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Azerbaijan says Armenia violates truce in Nagorno Karabakh

June 13, 16:07 UTC+3 BAKU
The situation along the line of engagement in the Nagorno-Karabakh conflict zone deteriorated dramatically overnight to April 2 when fierce clashes began
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BAKU, June 13. /TASS/. The Armenian armed units over the past 24 hours "violated the truce regime 48 times at various parts of the front, where they among others used high-caliber guns," Azerbaijan’s Defense Ministry said in a statement on Monday.

The ministry said "the positions of the Azerbaijani Armed Forces were under fire from the opposing positions, located near and at heights in Nagorno Karabakh and neighboring areas," which are controlled by the Armenians.

The situation along the line of engagement in the Nagorno-Karabakh conflict zone deteriorated dramatically overnight to April 2 when fierce clashes began. The parties to the conflict accused each other of violating the truce.

On April 5, Azerbaijan’s Chief of Staff Nadjmeddin Sadykov and his Armenian counterpart Yury Khachaturov met in Moscow with Russia’s mediation. At the talks the sides came to an agreement on cessation of hostilities at the line of engagement between Azerbaijani and Armenian forces. On the same day, the two countries’ defense ministries announced that the ceasefire regime in Nagorno-Karabakh would start at 12am local time. Since then, the parties to the conflict have been accusing each other of violating the ceasefire agreement.

The Nagorno-Karabakh conflict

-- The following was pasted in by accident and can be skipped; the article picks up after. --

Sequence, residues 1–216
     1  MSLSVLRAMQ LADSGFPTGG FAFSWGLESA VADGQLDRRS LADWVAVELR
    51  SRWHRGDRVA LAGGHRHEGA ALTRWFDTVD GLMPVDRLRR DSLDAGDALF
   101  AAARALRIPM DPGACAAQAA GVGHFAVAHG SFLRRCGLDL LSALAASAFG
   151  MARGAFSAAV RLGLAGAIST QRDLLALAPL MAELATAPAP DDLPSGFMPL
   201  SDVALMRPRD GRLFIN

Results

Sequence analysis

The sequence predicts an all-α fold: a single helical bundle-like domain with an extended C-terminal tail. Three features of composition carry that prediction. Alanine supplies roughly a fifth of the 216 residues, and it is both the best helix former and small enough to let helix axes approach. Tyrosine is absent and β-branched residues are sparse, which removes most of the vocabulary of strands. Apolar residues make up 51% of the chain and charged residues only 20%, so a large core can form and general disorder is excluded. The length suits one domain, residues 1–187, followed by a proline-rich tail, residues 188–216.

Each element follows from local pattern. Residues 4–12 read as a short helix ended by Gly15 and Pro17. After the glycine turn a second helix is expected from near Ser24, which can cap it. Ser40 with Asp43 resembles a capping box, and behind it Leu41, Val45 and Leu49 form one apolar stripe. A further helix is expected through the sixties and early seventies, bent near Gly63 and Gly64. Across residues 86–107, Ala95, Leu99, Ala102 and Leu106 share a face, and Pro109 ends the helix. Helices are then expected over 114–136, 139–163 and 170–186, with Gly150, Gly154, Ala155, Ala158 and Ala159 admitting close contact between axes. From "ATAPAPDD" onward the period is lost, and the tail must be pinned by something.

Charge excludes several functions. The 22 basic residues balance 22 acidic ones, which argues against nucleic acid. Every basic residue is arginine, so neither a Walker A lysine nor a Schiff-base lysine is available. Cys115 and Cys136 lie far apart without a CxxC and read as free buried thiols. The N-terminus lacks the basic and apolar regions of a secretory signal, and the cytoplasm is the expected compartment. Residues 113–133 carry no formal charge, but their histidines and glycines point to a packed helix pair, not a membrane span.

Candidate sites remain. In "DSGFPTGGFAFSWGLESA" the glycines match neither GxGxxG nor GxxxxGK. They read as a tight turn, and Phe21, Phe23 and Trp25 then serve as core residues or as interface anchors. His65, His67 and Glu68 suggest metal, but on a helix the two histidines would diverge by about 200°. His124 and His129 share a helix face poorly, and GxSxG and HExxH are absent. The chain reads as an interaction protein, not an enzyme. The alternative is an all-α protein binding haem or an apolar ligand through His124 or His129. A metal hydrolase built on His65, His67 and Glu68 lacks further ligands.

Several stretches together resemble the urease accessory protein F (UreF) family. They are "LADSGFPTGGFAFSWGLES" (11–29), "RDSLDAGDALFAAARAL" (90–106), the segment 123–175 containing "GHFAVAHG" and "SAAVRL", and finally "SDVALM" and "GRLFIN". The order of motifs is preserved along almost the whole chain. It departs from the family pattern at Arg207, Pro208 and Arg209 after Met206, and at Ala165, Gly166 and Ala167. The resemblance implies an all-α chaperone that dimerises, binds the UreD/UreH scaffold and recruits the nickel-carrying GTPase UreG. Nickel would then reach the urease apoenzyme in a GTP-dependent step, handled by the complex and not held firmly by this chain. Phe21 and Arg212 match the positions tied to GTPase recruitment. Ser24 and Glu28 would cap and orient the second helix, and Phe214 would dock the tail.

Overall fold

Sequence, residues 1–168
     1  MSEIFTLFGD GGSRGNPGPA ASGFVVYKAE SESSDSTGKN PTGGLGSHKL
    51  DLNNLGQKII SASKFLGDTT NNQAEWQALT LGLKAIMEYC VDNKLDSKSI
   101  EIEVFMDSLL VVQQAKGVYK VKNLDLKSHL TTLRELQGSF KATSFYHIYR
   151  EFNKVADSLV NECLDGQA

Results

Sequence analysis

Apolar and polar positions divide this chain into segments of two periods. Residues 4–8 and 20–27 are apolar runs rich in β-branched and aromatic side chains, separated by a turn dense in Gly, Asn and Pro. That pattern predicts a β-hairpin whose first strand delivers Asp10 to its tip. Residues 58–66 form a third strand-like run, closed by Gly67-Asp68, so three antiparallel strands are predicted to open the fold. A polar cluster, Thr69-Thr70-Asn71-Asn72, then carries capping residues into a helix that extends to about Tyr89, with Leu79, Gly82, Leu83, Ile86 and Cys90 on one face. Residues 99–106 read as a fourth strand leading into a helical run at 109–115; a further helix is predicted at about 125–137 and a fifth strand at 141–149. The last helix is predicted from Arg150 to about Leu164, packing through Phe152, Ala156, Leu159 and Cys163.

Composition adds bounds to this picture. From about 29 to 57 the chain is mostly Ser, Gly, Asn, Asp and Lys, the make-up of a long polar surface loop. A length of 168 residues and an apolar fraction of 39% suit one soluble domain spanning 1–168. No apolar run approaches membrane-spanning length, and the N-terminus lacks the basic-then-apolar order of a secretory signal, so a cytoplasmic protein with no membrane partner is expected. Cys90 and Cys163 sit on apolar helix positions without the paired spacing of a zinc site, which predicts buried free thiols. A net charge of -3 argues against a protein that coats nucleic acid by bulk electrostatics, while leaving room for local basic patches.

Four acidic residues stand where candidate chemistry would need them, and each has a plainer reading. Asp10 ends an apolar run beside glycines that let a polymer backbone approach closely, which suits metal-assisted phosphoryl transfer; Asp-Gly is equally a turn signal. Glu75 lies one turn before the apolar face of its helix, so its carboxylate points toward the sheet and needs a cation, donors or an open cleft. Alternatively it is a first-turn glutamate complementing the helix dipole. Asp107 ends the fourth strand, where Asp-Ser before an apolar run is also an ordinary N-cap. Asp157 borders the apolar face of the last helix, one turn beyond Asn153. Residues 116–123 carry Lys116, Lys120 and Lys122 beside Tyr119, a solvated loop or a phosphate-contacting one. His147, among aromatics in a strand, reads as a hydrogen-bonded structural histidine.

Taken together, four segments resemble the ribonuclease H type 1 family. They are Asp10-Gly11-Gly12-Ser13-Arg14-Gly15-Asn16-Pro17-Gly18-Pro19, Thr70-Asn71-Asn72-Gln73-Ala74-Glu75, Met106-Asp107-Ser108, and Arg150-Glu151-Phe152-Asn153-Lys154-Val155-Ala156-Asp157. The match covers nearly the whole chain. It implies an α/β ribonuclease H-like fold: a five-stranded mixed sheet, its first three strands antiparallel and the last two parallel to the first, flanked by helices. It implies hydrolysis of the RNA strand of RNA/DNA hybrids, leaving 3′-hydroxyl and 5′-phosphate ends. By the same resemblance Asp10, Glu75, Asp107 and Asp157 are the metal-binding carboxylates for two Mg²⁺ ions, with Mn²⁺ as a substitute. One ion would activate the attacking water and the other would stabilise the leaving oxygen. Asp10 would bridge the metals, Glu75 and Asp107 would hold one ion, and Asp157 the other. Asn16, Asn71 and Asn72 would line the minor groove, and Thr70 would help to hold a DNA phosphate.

The highland region of Nagorno-Karabakh (Mountainous Karabakh) is a mostly Armenian-populated enclave inside the sovereign territory of Azerbaijan. It was the first zone of inter-ethnic tensions and violence to appear on the map of the former USSR.

Even almost a quarter of a century after the breakup of the Soviet Union, Karabakh remains a so-called 'frozen conflict' on the post-Soviet space, as the region is the subject of a dispute between Azerbaijan and the local Armenian population that draws on strong support from fellow-countrymen in neighboring Armenia.

In 1988, hostilities broke out there between the forces reporting to the government in Baku and Armenian residents, which resulted in the region's de facto independence. In 1994 a ceasefire was reached but the relations between Azerbaijan and Armenia remain strained ever since then.

Russia, France and the U.S. co-chair the Minsk Group of the Organization for Security and Cooperation in Europe, which attempts to broker an end to hostilities and the conflict.

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